This is one of those things that’s hard to wrestle with as an American Anglophile. On the one hand, as a heritage traveler who keenly feels our cultural and historic ties to Great Britain, I do hate to see the gradually disintegration of what, for lack of a better term, we might call “traditional English life.” You know, the world of Robin Hood and country squires, Jane Austen and Miss Marple and Land of Hope and Glory.
On the other hand, what a hypocrite I would be if I didn’t cheer the nation that welcomed to its shores and its towns those seeking a better life, or cheer the folks with courage and initiative to uproot from home, friends, family and their native land to make for themselves a better life in another country. After all, that is what brought my own Pilgrim and Puritan forbearers to New England, and in one fashion or another brought the forbearers of most British Heritage readers to this side of the pond. After all, we’re the folks who invented the melting pot.
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The challenges of immigration and ethnic diversity are hardly the only forces for change in British society. Down in Dorset, residents of the market town of Sherborne are fighting the latest battle in the war against homogenization—and the decline of the High Street in the face of large corporate interests. The story line is familiar. Tesco has announced its intention to buy up a hotel property to the north of town and build a 30,000 square foot supermarket. The people of Sherborne really don’t want it. Some 8,500 of the towns’ 9,350 residents have a petition opposed to the notion.
Across the country, where the large supermarket chains have come in and built on the outskirts, the town center has generally gone into swift and precipitous decline. Empty storefronts along the High Street of market towns across the country bear silent witness. Of course, it doesn’t help those downtown shopping precincts when local councils routinely impose parking charges of up to a pound an hour (or more) at local pay & display car parks.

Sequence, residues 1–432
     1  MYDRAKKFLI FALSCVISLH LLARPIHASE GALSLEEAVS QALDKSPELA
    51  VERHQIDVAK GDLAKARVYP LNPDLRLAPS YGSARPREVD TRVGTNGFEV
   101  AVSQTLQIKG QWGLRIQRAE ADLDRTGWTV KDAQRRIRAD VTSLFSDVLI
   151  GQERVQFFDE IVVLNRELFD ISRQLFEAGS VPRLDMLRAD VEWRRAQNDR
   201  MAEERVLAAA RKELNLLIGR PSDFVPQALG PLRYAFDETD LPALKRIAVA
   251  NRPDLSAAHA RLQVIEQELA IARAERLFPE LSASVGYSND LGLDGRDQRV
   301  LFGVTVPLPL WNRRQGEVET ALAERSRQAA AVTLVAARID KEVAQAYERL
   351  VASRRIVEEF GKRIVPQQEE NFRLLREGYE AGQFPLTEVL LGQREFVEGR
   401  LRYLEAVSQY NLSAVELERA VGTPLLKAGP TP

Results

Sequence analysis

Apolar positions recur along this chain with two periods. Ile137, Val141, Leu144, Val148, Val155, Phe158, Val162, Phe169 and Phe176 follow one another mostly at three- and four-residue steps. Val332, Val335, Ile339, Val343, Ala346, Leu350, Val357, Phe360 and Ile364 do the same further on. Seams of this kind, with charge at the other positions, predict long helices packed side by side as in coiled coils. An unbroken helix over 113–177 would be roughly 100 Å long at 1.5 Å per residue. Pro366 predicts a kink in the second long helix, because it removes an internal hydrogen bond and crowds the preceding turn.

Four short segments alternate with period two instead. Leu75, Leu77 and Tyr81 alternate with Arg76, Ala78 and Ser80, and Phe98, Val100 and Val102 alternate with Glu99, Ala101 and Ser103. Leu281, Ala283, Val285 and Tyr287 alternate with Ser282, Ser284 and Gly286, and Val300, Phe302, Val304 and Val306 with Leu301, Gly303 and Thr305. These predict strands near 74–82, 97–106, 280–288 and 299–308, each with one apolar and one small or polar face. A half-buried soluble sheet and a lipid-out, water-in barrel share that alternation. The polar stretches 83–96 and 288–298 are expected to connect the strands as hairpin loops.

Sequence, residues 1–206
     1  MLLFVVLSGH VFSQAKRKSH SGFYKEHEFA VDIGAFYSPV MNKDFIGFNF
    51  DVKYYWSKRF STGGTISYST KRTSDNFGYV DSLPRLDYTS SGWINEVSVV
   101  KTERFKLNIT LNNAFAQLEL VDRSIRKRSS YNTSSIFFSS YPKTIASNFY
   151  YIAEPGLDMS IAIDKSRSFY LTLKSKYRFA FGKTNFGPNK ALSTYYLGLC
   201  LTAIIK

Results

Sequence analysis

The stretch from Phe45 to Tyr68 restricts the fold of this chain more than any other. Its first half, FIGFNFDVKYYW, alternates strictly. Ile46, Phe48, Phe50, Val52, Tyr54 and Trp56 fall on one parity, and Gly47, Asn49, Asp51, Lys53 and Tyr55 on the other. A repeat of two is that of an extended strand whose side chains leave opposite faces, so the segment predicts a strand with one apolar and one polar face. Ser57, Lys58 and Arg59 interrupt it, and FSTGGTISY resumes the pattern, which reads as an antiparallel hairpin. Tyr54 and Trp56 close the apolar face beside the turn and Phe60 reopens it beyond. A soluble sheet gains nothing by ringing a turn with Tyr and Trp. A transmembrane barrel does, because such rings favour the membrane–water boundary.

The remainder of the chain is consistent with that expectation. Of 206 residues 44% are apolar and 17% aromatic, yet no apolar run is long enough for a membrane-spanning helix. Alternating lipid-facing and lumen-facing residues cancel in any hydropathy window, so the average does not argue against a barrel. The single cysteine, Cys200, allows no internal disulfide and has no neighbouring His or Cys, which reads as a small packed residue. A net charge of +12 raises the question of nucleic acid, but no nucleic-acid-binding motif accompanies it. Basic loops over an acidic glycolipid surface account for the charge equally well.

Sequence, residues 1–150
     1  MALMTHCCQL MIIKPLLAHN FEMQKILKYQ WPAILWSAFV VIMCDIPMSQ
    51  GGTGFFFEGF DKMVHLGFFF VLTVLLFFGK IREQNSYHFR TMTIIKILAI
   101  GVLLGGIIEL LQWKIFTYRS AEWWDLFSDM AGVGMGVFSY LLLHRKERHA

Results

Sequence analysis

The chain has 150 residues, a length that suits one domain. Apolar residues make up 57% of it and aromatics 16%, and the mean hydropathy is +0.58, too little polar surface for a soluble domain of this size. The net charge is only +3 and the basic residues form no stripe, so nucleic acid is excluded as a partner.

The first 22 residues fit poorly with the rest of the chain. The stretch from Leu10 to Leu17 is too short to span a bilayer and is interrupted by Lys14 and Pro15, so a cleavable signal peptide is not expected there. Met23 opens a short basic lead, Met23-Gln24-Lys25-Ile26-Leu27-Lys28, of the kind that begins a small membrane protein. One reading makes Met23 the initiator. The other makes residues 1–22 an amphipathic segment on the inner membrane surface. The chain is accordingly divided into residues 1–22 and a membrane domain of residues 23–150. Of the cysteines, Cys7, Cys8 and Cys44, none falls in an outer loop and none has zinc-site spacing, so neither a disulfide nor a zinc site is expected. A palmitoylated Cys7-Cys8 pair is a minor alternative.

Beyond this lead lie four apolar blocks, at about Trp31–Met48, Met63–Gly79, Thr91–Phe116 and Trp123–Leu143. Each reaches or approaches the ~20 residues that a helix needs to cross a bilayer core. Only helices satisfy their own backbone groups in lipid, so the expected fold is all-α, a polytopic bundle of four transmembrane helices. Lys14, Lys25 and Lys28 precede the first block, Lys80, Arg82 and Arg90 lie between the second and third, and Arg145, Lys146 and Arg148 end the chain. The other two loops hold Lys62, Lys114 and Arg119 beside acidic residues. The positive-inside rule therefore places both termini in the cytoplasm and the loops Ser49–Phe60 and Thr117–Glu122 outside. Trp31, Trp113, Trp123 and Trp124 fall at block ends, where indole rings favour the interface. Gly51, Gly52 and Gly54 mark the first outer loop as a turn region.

Meanwhile, up near Stoke-on-Trent, historic Trentham Hall, once one of England’s grandest country houses faces an uncertain future. The price tag to restore the former seat of the Duke of Sutherland, abandoned in 1905, would be £35 million, far more than the dilapidated Grade II-listed estate is worth. Another Down-ton Abbey bites the dust.
Alas, despite the idylls of the dream-weavers, we know really that there was no Golden Age of benevolent squires, cloudless skies, Cider with Rosie and The Darling Buds of May. It is all too easy to idealize a past that never existed. Nostalgia just isn’t what it used to be. Our home towns aren’t what we remember them to be either.
Oh, but there is good news. If change is a constant, it doesn’t show up everywhere at the same time. Stonehenge and Durham Cathedral, the glorious gardens of Stour-head and the Tower of London remind us of that. Then, of course, there’s Thomas Hardy’s Cottage and the Lake District that inspired Wordsworth, the north coast of Wales and the Derbyshire Peaks. No, you really can’t be a heritage traveler and see the glass of change as half empty. We’ll return to Britain again and again, and I’ll just have to take my pipe outside.